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About 3 billion animals harmed in Australian bushfires, WWF says

About 3 billion animals harmed in Australian bushfires, WWF says
epaselect epa08134502 Fire-impacted, orphaned pouch-rescued Eastern Grey Kangaroo joeys are seen at the property of WIRES Carers Kevin and Lorita Clapson in East Lynne, South of Sydney, Australia, 14 January 2020 (Issued 16 January 2020). EPA-EFE/STEVEN SAPHORE AUSTRALIA AND NEW ZEALAND OUT

SYDNEY, July 28 (Reuters) - Nearly 3 billion koalas, kangaroos and other native Australian animals were killed or displaced by bushfires in 2019 and 2020, a study by the World Wide Fund for Nature (WWF) said on Tuesday, triple the group's earlier estimates.

Some 143 million mammals, 2.46 billion reptiles, 180 million birds and 51 million frogs were impacted by the country’s worst bushfires in decades, the WWF said.

When the fires were still blazing, the WWF estimated the number of affected animals at 1.25 billion. The fires destroyed more than 11 million hectares (37 million acres) across the Australian southeast, equal to about half the area of the United Kingdom.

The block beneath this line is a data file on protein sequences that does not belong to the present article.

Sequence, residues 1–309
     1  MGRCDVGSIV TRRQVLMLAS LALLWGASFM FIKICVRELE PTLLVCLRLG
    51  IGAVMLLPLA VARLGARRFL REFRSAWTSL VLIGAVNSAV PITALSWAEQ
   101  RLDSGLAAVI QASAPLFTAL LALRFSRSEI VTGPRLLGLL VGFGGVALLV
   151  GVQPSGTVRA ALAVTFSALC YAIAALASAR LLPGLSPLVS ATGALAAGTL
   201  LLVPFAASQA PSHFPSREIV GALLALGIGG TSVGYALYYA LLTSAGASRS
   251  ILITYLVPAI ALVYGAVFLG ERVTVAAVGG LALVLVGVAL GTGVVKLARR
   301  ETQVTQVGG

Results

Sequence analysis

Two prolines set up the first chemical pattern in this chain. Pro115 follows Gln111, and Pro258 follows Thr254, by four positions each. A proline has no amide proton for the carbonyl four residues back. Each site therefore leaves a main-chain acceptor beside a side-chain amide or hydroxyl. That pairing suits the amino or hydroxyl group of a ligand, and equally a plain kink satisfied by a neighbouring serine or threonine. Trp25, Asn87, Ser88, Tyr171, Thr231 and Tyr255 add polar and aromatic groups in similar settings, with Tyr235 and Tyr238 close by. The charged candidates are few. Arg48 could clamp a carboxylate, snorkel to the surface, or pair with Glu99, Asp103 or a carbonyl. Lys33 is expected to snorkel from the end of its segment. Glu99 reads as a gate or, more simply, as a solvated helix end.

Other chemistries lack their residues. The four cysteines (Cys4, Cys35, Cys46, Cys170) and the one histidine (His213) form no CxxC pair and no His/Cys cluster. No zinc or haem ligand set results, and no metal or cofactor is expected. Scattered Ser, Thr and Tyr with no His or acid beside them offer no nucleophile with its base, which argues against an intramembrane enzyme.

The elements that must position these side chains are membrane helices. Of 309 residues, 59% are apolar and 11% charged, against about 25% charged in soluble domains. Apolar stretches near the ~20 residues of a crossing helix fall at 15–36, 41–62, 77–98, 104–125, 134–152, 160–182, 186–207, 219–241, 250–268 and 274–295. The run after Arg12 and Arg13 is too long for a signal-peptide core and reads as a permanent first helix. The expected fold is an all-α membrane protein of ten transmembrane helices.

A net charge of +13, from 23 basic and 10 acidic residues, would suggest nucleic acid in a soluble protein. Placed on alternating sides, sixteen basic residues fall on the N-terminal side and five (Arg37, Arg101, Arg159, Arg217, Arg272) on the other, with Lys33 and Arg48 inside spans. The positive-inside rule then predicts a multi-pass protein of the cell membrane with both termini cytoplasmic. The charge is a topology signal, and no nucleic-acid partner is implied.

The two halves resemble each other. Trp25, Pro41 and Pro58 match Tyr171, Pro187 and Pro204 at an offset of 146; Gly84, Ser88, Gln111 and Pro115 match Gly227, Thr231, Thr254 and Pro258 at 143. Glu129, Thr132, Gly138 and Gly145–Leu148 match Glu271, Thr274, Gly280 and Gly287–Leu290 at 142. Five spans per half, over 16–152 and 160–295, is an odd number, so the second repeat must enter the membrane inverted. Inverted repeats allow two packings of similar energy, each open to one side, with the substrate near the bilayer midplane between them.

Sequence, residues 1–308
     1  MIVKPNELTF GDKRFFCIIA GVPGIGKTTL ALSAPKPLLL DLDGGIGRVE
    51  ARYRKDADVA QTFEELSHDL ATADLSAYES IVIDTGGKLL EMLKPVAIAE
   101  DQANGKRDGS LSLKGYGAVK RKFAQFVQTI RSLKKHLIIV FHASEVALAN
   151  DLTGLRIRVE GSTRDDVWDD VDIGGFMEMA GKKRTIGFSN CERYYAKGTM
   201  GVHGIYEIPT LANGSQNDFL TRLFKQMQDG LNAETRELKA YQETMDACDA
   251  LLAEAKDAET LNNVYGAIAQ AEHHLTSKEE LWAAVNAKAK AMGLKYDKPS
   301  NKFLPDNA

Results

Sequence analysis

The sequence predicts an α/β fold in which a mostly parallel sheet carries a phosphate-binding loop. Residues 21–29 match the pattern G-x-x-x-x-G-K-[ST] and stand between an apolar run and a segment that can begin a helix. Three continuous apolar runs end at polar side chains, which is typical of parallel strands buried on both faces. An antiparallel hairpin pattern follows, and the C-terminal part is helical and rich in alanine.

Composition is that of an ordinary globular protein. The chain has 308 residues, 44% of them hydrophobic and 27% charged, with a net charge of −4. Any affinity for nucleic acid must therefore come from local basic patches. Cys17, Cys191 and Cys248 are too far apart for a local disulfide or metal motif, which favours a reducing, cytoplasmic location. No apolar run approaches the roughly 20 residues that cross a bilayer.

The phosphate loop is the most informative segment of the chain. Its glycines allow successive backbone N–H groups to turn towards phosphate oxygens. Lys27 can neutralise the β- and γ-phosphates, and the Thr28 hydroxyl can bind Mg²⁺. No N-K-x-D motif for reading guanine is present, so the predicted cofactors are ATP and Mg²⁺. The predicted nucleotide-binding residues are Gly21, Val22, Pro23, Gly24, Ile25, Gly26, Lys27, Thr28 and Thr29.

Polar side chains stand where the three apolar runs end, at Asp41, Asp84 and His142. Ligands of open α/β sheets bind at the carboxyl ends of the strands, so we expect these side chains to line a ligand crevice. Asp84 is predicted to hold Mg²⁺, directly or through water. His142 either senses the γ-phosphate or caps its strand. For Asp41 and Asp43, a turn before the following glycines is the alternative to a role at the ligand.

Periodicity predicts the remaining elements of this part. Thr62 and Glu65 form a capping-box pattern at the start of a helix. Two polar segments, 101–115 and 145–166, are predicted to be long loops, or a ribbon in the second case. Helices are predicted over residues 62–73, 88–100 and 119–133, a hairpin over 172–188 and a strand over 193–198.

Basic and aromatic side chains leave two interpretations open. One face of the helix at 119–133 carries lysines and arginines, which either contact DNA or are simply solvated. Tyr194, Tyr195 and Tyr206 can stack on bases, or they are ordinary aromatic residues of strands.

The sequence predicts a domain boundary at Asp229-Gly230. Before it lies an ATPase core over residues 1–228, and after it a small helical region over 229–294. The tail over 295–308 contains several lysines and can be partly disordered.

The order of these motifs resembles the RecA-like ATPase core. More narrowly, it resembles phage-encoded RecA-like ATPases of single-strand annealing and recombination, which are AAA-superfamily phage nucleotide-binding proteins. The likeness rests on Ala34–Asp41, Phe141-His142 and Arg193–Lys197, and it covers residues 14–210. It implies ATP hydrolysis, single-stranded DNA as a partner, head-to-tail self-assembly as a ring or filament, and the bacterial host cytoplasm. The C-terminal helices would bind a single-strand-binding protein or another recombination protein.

“This ranks as one of the worst wildlife disasters in modern history,” said WWF-Australia Chief Executive Officer Dermot O’Gorman in a statement.

The project leader Lily Van Eeden, from the University of Sydney, said the research was the first continent-wide analysis of animals impacted by the bushfires, and “other nations can build upon this research to improve understanding of bushfire impacts everywhere”.

The total number included animals which were displaced because of destroyed habitats and now faced lack of food and shelter or the prospect of moving to habitat that was already occupied.

The main reason for raising the number of animal casualties was that researchers had now assessed the total affected area, rather than focusing on the most affected states, they said.

After years of drought made the Australian bush unusually dry, the country battled one of its worst bushfire seasons ever from September 2019 to March 2020, resulting in 34 human deaths and nearly 3,000 homes lost.

(Reporting by Byron Kaye; Editing by Christian Schmollinger)

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